What Can a Parent Teach their Child/Teen to do to Respond to Bullying?

  • What Can a Parent Teach their Child/Teen to do to Respond to Bullying?

Bullying Prevention: Autism and Bullying

What Can a Parent Teach their Child/Teen to do to Respond to Bullying?A colleague of mine asked for tips on how to help her young son who has Autism deal with bullying at school. She asked, “What more can I do?” Given that the question was asked on my Facebook page,  I needed to reply with brevity. I thought the same answer might be beneficial here. In my martial arts class, there are two things that I focus on that are so simple, yet so profound in importance. Bullying prevention requires us to teach youth how NOT to be a victim.

Bullying Prevention: Teaching About Body Language

1. Body language. Teaching children to walk with confidence, head held high – but not too high, shoulders back, strong steps – don’t shuffle – are important in conveying an image of confidence. If you look more confident, you are less likely to be teased. I will literally role-play how to walk. If I have kids who shuffle into position in class, I use it as a teachable moment. No form or kata is more important than teaching a youth how to walk with confidence.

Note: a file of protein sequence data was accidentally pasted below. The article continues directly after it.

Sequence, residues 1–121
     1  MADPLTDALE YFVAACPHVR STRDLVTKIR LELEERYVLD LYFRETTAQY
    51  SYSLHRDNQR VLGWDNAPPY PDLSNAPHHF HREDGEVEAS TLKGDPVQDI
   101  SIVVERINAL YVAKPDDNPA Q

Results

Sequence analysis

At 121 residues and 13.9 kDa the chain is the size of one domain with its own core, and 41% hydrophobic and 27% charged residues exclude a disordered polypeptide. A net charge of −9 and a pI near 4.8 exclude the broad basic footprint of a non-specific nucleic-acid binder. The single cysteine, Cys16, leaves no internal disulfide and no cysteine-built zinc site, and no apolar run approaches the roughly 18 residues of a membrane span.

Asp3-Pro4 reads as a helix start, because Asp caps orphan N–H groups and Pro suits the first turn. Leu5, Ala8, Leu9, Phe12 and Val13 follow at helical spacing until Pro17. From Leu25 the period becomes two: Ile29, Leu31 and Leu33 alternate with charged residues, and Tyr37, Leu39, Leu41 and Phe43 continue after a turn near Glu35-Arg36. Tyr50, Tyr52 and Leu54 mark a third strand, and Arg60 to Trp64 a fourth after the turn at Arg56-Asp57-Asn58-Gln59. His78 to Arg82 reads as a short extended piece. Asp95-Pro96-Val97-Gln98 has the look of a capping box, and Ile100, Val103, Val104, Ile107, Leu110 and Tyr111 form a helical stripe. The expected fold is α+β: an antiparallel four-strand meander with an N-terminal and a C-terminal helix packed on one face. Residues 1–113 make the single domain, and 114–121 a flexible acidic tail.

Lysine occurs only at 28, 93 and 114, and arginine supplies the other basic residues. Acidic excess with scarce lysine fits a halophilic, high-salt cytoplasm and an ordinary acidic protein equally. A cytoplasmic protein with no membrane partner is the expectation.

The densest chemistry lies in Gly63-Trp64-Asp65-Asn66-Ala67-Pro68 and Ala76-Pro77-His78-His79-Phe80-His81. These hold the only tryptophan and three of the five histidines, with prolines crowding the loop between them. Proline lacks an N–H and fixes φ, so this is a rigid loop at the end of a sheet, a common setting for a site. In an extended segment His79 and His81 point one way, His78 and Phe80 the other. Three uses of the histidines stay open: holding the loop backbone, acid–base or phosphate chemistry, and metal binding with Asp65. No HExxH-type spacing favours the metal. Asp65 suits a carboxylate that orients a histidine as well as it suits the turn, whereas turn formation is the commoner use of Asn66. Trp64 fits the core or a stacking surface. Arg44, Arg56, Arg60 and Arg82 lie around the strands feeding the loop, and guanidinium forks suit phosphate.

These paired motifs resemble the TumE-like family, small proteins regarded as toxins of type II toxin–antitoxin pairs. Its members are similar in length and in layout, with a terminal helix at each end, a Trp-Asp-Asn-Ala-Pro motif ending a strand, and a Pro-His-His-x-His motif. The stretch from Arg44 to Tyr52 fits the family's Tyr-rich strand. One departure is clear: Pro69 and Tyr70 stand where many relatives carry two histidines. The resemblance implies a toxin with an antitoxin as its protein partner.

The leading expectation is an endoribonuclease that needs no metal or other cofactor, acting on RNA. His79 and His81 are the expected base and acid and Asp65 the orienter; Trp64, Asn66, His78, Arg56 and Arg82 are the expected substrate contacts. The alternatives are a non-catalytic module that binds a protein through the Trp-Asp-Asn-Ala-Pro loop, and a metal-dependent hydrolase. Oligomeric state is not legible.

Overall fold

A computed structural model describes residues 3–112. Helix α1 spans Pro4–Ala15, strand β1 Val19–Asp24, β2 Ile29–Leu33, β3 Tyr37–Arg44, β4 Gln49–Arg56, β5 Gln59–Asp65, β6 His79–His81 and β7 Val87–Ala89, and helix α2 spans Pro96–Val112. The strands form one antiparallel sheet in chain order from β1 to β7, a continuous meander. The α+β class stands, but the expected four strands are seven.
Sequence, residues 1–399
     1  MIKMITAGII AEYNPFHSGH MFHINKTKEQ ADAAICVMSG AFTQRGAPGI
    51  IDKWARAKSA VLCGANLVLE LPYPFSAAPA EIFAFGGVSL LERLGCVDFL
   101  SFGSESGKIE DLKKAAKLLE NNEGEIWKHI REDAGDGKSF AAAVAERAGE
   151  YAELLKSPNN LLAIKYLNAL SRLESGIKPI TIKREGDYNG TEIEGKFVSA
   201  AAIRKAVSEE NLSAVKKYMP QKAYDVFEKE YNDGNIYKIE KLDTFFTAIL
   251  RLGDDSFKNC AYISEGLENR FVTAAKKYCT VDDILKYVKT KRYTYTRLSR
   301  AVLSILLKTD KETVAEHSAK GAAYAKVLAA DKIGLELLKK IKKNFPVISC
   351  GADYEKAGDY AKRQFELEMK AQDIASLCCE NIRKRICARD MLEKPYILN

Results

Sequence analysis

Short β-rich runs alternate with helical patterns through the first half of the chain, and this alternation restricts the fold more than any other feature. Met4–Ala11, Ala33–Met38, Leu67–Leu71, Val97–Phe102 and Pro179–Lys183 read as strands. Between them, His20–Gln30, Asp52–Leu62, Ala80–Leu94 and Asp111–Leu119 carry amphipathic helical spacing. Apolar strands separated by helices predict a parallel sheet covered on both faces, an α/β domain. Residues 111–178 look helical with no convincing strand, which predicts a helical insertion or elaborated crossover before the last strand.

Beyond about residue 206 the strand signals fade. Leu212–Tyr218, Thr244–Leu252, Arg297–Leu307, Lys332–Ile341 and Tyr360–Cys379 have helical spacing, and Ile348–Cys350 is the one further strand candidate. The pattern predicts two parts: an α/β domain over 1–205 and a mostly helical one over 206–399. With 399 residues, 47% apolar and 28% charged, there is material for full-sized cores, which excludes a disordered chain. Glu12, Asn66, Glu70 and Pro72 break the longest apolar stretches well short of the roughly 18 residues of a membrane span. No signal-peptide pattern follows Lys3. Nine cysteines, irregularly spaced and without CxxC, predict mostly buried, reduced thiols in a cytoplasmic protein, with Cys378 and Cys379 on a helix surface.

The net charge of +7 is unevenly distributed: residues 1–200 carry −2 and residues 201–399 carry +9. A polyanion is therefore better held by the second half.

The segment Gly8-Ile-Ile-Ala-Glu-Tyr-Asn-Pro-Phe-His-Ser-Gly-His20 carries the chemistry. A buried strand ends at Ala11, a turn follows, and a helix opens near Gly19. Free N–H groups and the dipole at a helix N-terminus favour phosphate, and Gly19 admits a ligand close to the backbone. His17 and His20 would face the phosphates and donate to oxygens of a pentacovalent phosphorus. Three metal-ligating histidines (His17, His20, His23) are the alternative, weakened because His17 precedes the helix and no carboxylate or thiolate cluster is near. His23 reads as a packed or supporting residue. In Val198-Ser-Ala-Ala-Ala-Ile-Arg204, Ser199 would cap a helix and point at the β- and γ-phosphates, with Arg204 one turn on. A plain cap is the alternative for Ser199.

Bullying Prevention: Teach What To Say and How To Say It

2. Teach verbal self-defense skills. What can (s)he say and how should (s)he react to put-downs, refusal to allow him to join a game, etc. Even if children “ignore” bullying by saying nothing, often their body language gives away their power because they “show” they are hurt or dejected. So, teach youth some safe responses and role-play how to say the words with confidence and a calm neutral tone.
Here are some examples of what youth might use as responses to bullying language:

Comebacks that don’t escalate the conflict

  •  I see.
  •  Thank you for letting me know how you feel.
  •  Perhaps you are right.
  •  I hear you.
  •  Ouch! (Cues the other person that they are being hurtful. Sometimes they don’t realize.)
  •  I can see this upsets you.
  •  I’m sorry you were hurt. That was not my intent.

Be careful to stress the importance of tone of voice. Sarcasm can take the most innocuous words and turn them into inflammatory remarks.

What is your experience? What do you advice parents and teachers teach their children about bullying prevention?


Free the Children, Conflict Education for Strong, Peaceful MindsFor more information about conflict education and caring communities, see Susan Fitzell’s book, Free The Children, Conflict Education for Strong and Peaceful Minds. Available in both print and electronic versions!


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By | 2017-04-26T03:21:30+00:00 March 9th, 2013|0 Comments

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